English soprano Sara Stowe is a versatile and inventive musician with repertoire ranging from contemporary concert music to medieval song. A prize-winning harpsichordist and pianist at the start of her career, she then decided to learn 20th-century vocal music in Italy. One of her specialties is the songs of the outsider composer, Giacinto Scelsi (1905-1988), whose reputation leapt to international prominence only at the end of his life.
Ogloudoglou, titled after the song by the same name by Scelsi, is a skillfully curated album focused tightly on 11 art songs from 1960 to 1990 by what Stowe calls “the experimental generation.” She renders boundary-stretching songs by Italian composers Scelsi, Luciano Berio, Luigi Nono, Niccoló Castiglioni and Sylvano Bussotti, as well as one each by the Argentine-German Mauricio Kagel and Americans John Cage and Morton Feldman. And experiment they did.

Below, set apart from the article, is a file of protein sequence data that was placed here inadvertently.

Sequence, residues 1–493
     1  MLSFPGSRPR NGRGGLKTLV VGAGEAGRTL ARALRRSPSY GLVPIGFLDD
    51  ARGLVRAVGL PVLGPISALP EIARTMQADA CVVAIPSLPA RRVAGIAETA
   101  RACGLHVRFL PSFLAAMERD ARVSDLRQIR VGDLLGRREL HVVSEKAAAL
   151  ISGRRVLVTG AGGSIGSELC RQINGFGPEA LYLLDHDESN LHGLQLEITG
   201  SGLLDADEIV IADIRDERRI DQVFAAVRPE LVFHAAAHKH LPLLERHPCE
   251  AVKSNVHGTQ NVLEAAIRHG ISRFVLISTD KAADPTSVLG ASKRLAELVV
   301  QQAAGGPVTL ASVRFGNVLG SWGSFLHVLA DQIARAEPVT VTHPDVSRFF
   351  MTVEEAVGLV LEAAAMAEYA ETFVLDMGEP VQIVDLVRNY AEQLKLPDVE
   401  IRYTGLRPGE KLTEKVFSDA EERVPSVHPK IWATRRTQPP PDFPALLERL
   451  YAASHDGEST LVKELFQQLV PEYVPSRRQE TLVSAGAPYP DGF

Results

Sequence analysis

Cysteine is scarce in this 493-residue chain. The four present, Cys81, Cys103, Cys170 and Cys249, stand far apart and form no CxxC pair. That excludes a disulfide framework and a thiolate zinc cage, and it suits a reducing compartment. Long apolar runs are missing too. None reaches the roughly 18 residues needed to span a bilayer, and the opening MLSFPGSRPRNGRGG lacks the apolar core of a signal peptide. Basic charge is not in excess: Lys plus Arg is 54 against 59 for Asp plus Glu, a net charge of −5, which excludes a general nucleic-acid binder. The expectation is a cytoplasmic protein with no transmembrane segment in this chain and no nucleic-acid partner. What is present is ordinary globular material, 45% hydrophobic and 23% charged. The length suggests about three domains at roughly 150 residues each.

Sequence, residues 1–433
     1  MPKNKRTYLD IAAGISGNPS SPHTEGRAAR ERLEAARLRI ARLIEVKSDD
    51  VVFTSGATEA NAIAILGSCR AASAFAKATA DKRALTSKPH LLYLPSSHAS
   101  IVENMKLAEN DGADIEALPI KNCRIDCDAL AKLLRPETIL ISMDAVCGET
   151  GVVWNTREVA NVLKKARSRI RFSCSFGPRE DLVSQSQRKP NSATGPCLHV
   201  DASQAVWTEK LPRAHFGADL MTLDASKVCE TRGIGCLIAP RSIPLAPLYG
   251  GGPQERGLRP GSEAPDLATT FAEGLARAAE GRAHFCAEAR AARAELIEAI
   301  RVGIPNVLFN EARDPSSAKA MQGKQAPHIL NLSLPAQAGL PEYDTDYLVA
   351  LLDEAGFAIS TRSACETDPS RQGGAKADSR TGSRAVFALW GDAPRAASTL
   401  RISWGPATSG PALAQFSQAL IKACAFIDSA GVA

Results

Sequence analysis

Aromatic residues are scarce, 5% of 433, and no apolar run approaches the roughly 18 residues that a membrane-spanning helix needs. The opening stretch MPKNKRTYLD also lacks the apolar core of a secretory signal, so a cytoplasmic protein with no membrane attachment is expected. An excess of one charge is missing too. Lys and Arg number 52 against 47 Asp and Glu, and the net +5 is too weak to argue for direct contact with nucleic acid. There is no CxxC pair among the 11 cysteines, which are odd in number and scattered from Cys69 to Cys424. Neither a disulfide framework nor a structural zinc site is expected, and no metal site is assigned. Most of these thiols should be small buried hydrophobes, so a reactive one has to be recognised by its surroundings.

Outstanding tracks for me are Nono’s cinematic, epic La Fabbrica Illuminata for voice and tape, and the more concise, though perhaps even more musically compelling, Sequenza III by Berio. The latter is beautifully rendered by Stowe – and I’ve heard Cathy Berberian, for whom it was composed, perform it live.
Breathtakingly iconoclastic, perhaps even shocking when brand new, this tough song repertoire is little programmed today, at least in Canada. Stowe thus does us a favour, presenting her recital of songs by seminal later-generation high modernists with virtuoso verve. She committedly follows their demanding performance instructions and groundbreaking aesthetics, by the end winning over those who care to listen with her exhilarating musicality.